Love At Second Sight. The Beautiful Love Story Of Queen Elizabeth & Prince Philip
The death of Queen Elizabeth II of England brings back to public memory the impressive love story between Her Majesty and Prince Philip, which lasted 73 years.
The Sovereign has always said that Prince Philip was her greatest supporter, both in public and in her personal life.
Elizabeth and Philip first met at the wedding of Princess Marina of Greece and Denmark to Prince George, Duke of Kent, and were cousins by marriage. At the time, Elizabeth was 8 and Philip was 13.
They would meet again three years later, in May 1937, when Elizabeth and Philip attended the coronation of the princess's father, King George VI.
Queen Elizabeth II & Prince Philip - Love At Second Sight
But as fate would have it, Elizabeth and Philip met again in July 1939. At the time Princess Elizabeth was 13 and visiting the Royal Naval College in Dartmouth, Devon, with her parents and sister. Philip was 18 and had enrolled two years earlier, reports life.co.uk.
During the royal visit, Philip was the one who provided the tour of the college, but that was because the other two proposed cadets had made mumps.
It was love at... second sight. Young Elizabeth began writing letters to Philip and keeping a photograph of the handsome cadet by his bed.
Philip corresponded with Elizabeth, but at the time saw the story as "just a bit of fun".
Elizabeth and Philip were both great-great-grandchildren of Queen Victoria, except there was one major difference between the two: Elizabeth came from a close-knit, loving family, while Philip was completely broke and hadn't seen his parents in years. His family, of Danish descent, ruled Greece until the abdication of his uncle, King Constantine I, after the First World War. The whole family left Greece forever. Philip's mother became ill with a mental illness and his father left her to live in France with his mistress. So Philip grew up alone in boarding schools.
A naval officer, Philip fought in the Second World War in the Mediterranean and the Far East. Through letters and occasional moments spent together, the young officer courted the princess. In 1946, in Scotland, he asked her to marry him and she immediately accepted. But at this point, their love story becomes complicated, writes Eva.
The King Asked Elizabeth & Philip To Hold Off On The Engagement
King George insisted that the couple should wait before announcing their engagement, partly because the Princess was not yet 20, but also because of the many suspicions hanging over young Philip. Evil people were whispering around, seeing that the young heiress to the throne had fallen in love with him.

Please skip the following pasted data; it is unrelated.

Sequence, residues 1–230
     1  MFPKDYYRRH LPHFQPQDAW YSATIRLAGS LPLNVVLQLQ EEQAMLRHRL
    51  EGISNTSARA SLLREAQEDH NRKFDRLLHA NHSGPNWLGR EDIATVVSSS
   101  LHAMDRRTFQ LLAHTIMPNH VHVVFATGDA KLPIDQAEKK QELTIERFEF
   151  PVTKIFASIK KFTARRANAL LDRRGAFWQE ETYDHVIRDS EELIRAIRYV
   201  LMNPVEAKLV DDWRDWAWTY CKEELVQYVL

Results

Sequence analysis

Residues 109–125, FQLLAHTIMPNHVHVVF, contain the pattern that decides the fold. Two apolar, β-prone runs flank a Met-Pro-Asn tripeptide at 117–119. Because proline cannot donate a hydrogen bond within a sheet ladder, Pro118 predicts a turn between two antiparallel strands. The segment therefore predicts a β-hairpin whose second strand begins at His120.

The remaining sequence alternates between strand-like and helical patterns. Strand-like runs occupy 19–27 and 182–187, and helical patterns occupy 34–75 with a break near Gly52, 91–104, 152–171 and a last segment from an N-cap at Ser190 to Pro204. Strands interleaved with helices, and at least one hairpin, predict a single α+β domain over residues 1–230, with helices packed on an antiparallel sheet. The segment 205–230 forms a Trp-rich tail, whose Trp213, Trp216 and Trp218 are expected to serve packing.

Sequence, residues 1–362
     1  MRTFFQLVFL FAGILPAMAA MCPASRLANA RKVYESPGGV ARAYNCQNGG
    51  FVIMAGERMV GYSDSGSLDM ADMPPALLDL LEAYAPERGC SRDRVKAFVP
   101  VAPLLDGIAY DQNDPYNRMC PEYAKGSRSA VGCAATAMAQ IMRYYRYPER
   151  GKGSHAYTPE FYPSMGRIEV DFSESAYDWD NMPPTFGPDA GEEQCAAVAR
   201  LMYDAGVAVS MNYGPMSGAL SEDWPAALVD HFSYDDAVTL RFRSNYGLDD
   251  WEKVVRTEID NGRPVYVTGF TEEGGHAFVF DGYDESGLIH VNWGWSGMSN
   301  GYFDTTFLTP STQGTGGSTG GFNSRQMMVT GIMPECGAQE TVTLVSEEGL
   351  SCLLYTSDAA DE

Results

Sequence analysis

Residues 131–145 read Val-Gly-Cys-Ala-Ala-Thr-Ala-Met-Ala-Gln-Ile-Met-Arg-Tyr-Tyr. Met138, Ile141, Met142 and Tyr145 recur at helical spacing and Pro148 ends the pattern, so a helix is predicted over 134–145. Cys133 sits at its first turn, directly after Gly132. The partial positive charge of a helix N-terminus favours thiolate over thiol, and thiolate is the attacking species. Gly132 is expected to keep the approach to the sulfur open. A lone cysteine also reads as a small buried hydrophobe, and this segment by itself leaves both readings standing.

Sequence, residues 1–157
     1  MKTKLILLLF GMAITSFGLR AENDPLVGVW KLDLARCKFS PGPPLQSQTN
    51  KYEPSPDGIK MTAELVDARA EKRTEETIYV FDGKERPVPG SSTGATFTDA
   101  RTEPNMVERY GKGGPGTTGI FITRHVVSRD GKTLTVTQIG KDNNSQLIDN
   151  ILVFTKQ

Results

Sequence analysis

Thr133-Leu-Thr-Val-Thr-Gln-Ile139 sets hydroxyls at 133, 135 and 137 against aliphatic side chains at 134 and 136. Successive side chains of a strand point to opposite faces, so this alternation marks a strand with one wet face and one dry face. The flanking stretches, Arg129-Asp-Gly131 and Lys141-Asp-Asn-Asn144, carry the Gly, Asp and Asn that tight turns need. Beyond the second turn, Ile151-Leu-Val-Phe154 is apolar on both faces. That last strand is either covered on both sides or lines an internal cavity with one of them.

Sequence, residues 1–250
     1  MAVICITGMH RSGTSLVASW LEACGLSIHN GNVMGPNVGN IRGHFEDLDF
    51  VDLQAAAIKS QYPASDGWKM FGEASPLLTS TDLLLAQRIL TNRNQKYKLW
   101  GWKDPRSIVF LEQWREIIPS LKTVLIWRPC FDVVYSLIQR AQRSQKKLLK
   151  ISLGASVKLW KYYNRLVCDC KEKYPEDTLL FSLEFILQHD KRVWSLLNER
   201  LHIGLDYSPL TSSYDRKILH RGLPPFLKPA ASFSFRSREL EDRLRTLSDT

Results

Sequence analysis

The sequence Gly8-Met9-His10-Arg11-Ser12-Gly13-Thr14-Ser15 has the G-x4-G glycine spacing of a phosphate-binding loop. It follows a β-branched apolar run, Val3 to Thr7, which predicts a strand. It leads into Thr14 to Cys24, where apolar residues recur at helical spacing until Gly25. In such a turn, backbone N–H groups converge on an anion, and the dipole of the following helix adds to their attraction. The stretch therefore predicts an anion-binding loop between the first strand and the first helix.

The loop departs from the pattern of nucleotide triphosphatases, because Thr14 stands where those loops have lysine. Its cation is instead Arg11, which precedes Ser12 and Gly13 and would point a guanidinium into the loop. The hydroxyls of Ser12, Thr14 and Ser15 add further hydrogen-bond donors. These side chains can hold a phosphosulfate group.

Philip was called "a blond Greek Apollo", "a Viking" or "as handsome as a movie star", except that he was broke, "rude", arrogant, defiant, and "too German", which was hard to accept for a country that had just emerged from World War II.
Philip was a member of the House of Schleswig-Holstein-Sonderburg-Glücksburg. Although he was taken in by his relatives in England as a teenager, his four sisters all married German princes. Three of his four brothers-in-law joined the Nazi Party. Elizabeth's mother, the Queen, wasn't too sure Philip was right for her daughter, and privately called him "the Hun".
It was just that the princess was determined to marry him, and her parents relented. In 1947, Philip asked her to marry him again, giving her a round diamond engagement ring consisting of a centerpiece surrounded by ten other smaller diamonds.
The diamonds had been part of a tiara that belonged to Philip's mother, Princess Alice of Battenberg. His mother received the tiara as a wedding present from Tsar Nicholas II of Russia and Tsarina Alexandra, the last monarch of the Russian Empire. Princess Alice gave the tiara to her son in preparation for his proposal. Prince Philip designed the ring himself, working with London jeweler Philip Antrobus.
Austerity Royal Wedding Of Queen Elisabeth & Prince Philip
The King and Queen announced their daughter's engagement. Philip became a British citizen and took his mother's family name - Mountbatten. Just before the wedding, he was made Duke of Edinburgh.
Many of Philip's new countrymen viewed the couple with suspicion. One British newspaper conducted a poll about Elizabeth and Philip's engagement, and 40% of those who took part said they were against it.
But the love between the two young people eventually won the hearts of those who mattered, so the wedding date was set. And the only obstacle standing in their way was money. The country was facing food rationing and imports of oil, tobacco, and paper were being carefully controlled due to the war-hit economy. Citizens were given a fixed number of coupons to buy food or clothes.
Their wedding was called an "austerity wedding" and the government gave Princess Elizabeth 200 clothing coupons, which could be used to pay for her wedding dress. Nevertheless, she managed to wear a beautiful outfit: her dress was made of ivory silk, stitched with thousands of tiny pearls.
Because of rationing, the future Queen had to collect clothing coupons to pay for her wedding dress. Admirers of the royal couple mailed in their clothing coupons, but they were returned because their transfer was illegal. When Elizabeth finally received her dress, it had a six-meter train and was covered with 10,000 tiny pearls. In total, 350 women worked for seven weeks to make the dress.